106. Refrigerate prepared soups before you eat them. As the soup cools, the fat will rise to the top. Skim it off the surface for reduced fat content.
  107. When eating out, ask your server to put half your entr?e in a to-go bag.
  108. Substitute vegetables for other ingredients in your sandwich.
  109. Every time you eat a meal, sit down, chew slowly, and pay attention to flavors and textures.
  110. Try a new fruit or vegetable (ever had jicama, plantain, bok choy, starfruit or papaya?)
  111. Make up a batch of brownies with applesauce instead of oil or shortening.
  112. Instead of eating out, bring a healthy, low calorie lunch to work.
  113. Ask your sweetie to bring you fruit or flowers instead of chocolate.
  114. Speak up for the salad bar when your coworkers are picking a restaurant for lunch, and remember calories count, so pay attention to how much and what you eat.
  115. When walking, go up the hills instead of around them.
  116. Walk briskly through the mall and shop ’til you drop … pounds.
  117. Clean your closet and donate clothes that are too big.
  118. Take your body measurements to gauge progress.
  119. Buy a set of hand weights and play a round of Simon Says with your kids – you do it with the weights, they do without.
  120. Swim with your kids.

Basic Principles of Healthy Eating


The Foundation

At the bottom of the pyramid are bread, cereal, rice, and pasta. These foods contain mostly carbohydrates. The foods in this group are made mostly out of grains, such as wheat (flour), rye, and oats. Some starchy vegetables go in this group, too, like potatoes, peas, and corn. Really, they’re vegetables, but your child’s blood glucose levels react to them as if they were carbohydrates. So she should count them as carbohydrates for her meal planning. She needs six to eight servings of these foods per day.

The Second Floor

The next layer is fruits and vegetables, which are also made up of carbohydrates. They have plenty of vitamins and minerals. Your child needs about three to five servings of vegetables and two to four servings of fruit per day.

The Third Floor

Near the top of the pyramid are milk and meat. These foods usually contain a lot of protein. Milk is also the best source of calcium, which helps your child’s bones and teeth to stay strong as you grow. Milk products include all types of milk, cheese, yogurt, and other dairy products. Your child needs two or three servings of milk per day. The meat group includes – you guessed it – all types of meat: beef, chicken, turkey, and fish. Even eggs, tofu, and some kinds of beans and nuts are included. She needs two or three servings of meat a day.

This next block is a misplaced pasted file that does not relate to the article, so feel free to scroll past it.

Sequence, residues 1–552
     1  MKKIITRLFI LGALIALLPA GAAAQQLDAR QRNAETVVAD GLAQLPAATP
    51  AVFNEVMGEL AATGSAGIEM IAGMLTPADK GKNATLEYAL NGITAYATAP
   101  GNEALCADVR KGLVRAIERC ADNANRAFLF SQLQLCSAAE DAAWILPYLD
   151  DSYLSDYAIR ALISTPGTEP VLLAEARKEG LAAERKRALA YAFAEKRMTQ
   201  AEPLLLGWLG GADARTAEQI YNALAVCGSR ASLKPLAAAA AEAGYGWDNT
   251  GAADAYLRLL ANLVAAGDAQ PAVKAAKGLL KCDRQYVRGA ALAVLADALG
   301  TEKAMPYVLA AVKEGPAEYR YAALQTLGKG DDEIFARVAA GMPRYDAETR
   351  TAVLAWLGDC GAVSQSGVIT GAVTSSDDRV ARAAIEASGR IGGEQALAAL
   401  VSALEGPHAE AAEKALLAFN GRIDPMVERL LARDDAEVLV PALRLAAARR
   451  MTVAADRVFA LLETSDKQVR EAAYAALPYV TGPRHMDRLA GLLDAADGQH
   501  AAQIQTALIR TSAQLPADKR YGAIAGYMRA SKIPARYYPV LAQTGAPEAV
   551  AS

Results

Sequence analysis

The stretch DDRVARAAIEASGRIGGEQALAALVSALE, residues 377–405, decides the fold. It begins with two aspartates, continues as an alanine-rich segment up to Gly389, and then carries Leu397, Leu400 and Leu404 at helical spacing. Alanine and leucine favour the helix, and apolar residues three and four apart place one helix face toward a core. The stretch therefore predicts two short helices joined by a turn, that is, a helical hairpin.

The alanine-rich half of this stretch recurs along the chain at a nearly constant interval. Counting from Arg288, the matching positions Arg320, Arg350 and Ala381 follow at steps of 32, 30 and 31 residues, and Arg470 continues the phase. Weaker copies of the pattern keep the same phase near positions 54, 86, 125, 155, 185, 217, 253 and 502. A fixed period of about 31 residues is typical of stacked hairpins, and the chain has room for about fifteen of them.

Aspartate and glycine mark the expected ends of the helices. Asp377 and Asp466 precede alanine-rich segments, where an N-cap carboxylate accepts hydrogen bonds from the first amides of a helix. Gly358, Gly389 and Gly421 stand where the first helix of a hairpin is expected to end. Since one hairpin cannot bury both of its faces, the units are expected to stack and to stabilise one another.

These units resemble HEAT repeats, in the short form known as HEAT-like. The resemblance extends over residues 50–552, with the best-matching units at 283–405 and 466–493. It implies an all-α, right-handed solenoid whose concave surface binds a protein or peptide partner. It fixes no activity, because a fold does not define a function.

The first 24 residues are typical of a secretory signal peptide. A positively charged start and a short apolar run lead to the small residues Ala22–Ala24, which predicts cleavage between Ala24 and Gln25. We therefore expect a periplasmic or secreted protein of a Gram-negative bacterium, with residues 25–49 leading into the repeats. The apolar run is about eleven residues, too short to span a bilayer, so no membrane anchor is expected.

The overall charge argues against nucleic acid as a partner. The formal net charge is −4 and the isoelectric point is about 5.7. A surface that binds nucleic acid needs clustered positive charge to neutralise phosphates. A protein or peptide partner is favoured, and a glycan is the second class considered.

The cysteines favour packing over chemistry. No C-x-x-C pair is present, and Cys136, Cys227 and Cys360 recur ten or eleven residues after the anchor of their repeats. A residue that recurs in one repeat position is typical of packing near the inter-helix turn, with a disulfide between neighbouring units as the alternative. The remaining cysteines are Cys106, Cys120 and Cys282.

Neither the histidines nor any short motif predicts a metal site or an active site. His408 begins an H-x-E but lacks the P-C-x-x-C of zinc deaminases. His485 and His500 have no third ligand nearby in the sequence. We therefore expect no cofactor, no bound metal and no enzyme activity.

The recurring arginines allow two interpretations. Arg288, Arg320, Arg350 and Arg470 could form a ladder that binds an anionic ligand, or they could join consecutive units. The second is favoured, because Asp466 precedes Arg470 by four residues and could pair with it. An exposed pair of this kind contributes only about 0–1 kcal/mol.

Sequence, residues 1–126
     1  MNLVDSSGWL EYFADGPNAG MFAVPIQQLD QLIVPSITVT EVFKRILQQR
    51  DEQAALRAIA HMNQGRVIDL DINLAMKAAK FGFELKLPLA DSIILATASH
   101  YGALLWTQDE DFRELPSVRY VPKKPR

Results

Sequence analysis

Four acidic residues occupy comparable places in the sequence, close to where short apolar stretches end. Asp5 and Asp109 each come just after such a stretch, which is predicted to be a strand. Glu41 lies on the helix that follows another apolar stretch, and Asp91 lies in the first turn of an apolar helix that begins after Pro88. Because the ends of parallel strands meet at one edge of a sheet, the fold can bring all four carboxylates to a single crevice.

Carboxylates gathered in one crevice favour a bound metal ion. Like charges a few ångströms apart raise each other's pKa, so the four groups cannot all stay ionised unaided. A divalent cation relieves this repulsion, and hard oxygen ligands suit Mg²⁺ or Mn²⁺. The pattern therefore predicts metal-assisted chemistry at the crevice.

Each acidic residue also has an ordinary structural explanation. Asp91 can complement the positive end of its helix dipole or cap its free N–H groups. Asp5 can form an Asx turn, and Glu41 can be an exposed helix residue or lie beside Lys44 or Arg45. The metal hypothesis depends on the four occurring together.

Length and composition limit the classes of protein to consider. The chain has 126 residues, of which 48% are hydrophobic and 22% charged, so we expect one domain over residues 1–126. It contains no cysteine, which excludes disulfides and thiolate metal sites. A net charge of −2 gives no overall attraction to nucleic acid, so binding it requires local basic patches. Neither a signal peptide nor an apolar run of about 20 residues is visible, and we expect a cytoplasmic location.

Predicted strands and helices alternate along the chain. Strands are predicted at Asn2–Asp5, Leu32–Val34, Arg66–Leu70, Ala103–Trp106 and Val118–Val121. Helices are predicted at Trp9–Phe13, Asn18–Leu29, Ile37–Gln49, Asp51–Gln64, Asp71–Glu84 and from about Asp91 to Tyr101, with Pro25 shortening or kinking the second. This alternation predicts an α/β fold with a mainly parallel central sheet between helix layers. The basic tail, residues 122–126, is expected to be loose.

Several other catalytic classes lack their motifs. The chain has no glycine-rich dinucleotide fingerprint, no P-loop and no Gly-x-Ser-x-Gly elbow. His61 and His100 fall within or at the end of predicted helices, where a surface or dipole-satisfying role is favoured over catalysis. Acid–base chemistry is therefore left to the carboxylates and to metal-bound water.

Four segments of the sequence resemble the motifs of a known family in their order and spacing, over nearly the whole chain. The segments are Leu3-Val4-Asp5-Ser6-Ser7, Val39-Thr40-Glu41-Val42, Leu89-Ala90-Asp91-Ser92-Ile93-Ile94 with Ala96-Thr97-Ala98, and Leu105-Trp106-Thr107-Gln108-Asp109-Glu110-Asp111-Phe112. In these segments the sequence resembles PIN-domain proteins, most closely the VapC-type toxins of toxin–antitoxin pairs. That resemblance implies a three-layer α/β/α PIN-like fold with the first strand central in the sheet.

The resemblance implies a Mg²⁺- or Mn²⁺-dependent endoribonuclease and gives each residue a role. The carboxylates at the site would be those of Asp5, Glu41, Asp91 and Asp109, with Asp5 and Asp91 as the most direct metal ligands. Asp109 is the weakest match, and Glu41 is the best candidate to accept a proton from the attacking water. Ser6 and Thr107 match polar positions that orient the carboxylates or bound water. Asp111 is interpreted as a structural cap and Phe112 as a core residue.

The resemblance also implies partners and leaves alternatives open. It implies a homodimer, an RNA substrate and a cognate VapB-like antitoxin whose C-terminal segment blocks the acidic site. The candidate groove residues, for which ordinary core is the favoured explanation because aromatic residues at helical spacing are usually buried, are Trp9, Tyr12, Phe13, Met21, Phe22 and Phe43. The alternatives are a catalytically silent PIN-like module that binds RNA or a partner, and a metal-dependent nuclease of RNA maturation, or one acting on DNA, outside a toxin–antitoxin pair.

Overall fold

The Attic

At the very top of the pyramid is a little triangle. That’s for fats, oils, and sweets. Things like potato chips, candy, and fried food contain a lot of fat or sugar. They aren’t as nutritious as vegetables or grains. So your child shouldn’t eat these foods every day. It’s better to save them for a special treat.

The Basement

Some people like to imagine the food pyramid with another layer on the bottom, underneath the grains & starchy vegetables. This layer shows people walking, running, and riding their bikes everywhere we go. So, it’s not really a part of the real food pyramid, but if it were, the exercise layer would remind us that it’s very important for us all to be active every day. Staying active is important for everyone, but even more so for people with diabetes.

Dietitians are food and nutrition experts and can help with the following food-related tasks:

1. Include Foods From All Food Groups

Unless you are a vegetarian or otherwise advised by your doctor, your daily diet should include a variety of foods, ideally from all the main groups of foods, such as: meats, dairy, fruits, vegetables and fats.

2. Carbohydrate Should be Slow-Release and Low in Glycemic Value

Carb-containing foods with a low value on the glycemic index keep you satisfied for longer, reduce cravings and help maintain stable blood glucose levels. It’s not necessary to eat only low GI foods. Intermediate (moderate) GI foods are okay, too. But you should include at least one low GI food at every meal.

3. Fat-intake Should be Predominantly Non-Saturated

– Choose lower-fat meats and dairy foods.
– Trim all visible fat.
– Eat regular fish (any type).
– Eat butter/margarine sparingly.

4. Eat Enough Omega-3 Fats

– Choose unrefined cooking oils.
– Try oils containing omega-3 fatty acids: (eg.) canola, flax oil.
– Alternatively, include regular oily fish in your diet.

5. Eat More High-Fiber Foods

Unless otherwise advised by your doctor, make sure your daily diet includes sufficient dietary fiber (both soluble and insoluble) for your needs. A ballpark figure is 25-30g per day. When increasing your fiber intake, do so gradually.

6. Beware Hidden Fats and Sugars (and Sodium)

Much of our intake of fat and sugar and sodium is typically from packaged or prepared foods, such as: sauces, packet foods, sodas, candy, soups and so on. You can’t avoid these types of food, but you should check the label and choose brands that are lower in sugar, saturated fat (”hydrogenated” or “trans-fats”) and sodium.

7. Choose Healthy Snacks

Snacking is a universal and very healthy eating habit. Eating regularly throughout the day maintains stable blood-glucose levels (thus reducing the build-up of hunger) and helps maintain optimum metabolic rate. For healthy snacks, choose chopped fruit, chopped vegetables, nuts and seeds, wholegrain sandwiches, fresh lean meats, and mineral water.

Okay, you may not be able to eat these healthy foods all the time, but include them in your diet as often as possible!